A vaccine is administered to healthy, disease-free people. Therefore it is essential to approve a vaccine only after carefully evaluating its side effects and life-threatening effects,” the expert added.
The Daily Mirror also learned that Sri Lankan government has paid for 1.5 million vaccine doses but has received only 500,000 vaccines. This means one million of them are pending. Around 240,000 doses have been given to the public. Another 264,000 vaccines were received under the COVAX facility. The WHO said that they were supposed to provide vaccines for 20% of the population which is around 8.4 million vaccines and later said that they would give vaccines to suffice 27% of the population. This is roughly 10 million vaccines. However Sri Lanka didn’t receive vaccines in March and is looking forward to receiving it this April. Meanwhile, Health Minister Pavithra Wanniarachchi said in Parliament yesterday that the second doses of Oxford AstraZeneca vaccines will be made available to the public from April 23 to July 6.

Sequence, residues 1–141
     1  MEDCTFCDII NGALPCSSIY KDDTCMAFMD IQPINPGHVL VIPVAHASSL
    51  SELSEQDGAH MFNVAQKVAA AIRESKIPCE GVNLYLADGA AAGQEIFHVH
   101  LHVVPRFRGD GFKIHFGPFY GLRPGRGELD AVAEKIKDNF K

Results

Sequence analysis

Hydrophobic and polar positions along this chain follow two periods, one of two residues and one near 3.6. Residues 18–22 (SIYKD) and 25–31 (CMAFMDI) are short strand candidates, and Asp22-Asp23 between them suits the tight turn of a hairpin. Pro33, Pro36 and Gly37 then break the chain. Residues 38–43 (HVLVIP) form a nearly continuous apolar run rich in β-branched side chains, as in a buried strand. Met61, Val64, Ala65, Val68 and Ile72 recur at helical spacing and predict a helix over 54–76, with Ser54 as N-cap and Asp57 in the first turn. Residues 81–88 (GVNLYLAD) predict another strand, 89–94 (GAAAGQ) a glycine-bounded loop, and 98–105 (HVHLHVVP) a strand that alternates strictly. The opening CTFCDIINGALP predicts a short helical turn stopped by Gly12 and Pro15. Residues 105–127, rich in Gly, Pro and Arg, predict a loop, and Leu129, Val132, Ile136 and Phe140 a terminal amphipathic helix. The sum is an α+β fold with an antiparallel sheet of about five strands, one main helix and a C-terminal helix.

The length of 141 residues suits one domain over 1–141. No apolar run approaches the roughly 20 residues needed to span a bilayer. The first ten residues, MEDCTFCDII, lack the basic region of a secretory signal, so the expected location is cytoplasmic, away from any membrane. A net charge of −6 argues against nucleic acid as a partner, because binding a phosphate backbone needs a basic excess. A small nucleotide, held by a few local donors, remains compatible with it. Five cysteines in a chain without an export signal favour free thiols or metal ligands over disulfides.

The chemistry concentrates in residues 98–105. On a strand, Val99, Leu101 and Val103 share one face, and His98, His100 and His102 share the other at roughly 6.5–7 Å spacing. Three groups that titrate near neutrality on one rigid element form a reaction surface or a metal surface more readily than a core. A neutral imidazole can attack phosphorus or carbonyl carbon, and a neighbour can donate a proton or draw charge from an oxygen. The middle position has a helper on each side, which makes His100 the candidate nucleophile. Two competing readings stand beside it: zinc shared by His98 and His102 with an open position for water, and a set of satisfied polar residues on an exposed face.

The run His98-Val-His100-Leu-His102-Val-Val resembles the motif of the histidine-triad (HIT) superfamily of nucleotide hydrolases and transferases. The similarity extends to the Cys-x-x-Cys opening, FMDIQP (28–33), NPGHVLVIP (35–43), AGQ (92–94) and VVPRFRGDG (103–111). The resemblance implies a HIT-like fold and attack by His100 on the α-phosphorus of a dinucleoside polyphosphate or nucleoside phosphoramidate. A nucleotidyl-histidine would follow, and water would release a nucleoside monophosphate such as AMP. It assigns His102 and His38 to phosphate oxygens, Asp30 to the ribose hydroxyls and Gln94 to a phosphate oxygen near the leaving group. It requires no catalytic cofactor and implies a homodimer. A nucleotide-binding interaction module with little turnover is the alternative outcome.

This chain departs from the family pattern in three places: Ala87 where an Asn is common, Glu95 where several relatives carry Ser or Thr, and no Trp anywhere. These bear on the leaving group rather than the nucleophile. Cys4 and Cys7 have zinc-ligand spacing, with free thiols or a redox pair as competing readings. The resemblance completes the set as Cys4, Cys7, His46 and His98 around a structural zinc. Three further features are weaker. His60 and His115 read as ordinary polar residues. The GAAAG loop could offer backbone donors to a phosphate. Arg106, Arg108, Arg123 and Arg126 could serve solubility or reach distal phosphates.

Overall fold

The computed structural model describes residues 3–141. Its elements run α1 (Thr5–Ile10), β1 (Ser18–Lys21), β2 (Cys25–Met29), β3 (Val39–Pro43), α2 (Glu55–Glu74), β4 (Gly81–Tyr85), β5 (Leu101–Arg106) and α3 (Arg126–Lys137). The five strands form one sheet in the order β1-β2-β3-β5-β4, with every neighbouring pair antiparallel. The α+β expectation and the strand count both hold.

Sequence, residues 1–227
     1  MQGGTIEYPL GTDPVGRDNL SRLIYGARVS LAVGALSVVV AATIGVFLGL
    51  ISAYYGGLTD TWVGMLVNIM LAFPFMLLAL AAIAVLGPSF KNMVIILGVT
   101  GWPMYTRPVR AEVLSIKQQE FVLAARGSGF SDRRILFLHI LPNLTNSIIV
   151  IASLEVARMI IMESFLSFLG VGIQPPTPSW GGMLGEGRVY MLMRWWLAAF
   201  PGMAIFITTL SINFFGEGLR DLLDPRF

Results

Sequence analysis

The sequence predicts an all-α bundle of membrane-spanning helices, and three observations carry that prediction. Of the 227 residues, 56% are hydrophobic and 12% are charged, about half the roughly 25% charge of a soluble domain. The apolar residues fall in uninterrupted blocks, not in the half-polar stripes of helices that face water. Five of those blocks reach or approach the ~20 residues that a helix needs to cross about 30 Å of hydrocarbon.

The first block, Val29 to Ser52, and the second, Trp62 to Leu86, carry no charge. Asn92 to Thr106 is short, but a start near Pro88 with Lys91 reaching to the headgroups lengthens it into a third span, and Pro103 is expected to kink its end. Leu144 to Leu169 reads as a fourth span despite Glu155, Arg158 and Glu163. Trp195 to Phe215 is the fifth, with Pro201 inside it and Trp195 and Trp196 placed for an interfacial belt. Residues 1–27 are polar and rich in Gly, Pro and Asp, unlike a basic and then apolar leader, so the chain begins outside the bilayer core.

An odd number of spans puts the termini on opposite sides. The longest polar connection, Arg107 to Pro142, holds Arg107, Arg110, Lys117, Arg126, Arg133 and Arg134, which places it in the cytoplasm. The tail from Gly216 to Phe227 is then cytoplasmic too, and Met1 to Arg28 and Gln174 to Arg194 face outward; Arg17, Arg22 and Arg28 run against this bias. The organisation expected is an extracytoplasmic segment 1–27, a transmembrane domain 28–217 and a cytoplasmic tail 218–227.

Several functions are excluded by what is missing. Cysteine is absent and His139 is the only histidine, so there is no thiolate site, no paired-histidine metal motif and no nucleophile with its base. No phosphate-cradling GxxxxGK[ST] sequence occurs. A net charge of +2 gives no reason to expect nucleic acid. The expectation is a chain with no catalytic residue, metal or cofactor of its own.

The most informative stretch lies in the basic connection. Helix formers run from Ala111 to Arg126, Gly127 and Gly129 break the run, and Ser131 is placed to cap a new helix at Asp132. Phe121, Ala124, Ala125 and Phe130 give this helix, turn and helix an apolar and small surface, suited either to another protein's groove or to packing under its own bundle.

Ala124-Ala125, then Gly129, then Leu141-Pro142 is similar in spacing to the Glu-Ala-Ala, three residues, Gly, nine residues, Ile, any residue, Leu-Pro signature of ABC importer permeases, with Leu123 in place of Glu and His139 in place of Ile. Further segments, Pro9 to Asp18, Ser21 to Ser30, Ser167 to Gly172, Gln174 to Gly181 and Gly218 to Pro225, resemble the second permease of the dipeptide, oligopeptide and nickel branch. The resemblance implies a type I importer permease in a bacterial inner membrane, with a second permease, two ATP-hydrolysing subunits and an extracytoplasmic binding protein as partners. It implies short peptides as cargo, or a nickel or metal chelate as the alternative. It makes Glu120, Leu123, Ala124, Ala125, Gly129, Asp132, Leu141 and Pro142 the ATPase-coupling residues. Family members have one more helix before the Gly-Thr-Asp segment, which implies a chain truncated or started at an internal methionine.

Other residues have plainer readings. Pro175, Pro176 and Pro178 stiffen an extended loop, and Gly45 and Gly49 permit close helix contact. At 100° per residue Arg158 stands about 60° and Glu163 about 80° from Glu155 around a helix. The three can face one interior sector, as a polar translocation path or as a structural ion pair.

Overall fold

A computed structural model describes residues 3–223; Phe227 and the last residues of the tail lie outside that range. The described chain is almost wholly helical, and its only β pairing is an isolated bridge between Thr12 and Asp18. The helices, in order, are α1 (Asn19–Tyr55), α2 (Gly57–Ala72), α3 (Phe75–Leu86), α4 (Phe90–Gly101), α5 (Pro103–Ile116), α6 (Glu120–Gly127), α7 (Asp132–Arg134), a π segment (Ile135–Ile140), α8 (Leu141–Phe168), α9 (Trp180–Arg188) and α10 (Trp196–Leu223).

"Sri Lankan government has paid for 1.5 million vaccine doses but has received only 500,000vaccines. This means one million of them are pending."
Second dose could be given in three months
While stating that he was unaware of the circumstances that prompted the sacking of medical experts who opposed the approval of the Sinopharm vaccine, Committee on Public Accounts (COPA) Chairman Prof. Tissa Vitharana said that usually a committee of experts are appointed to decide on the vaccine that is best suited for the people. “They would decide on cost and other factors prior to distributing it to the public. There are important tests that need to be complete and experts need to be satisfied with the results. These are all technical aspects.”
When asked about the delay in getting the second dose of vaccines, Prof. Vitarana who is also a consultant virologist said that usually the booster is given 3-4 weeks after the first dose. “But studies conducted abroad have revealed that the booster level is optimal if the second dose is given within three months. A booster is given for maximum defense,” he added.
"Studies conducted abroad have revealed that the booster level is optimal if the second dose is given within three months. A booster is given for maximum defence"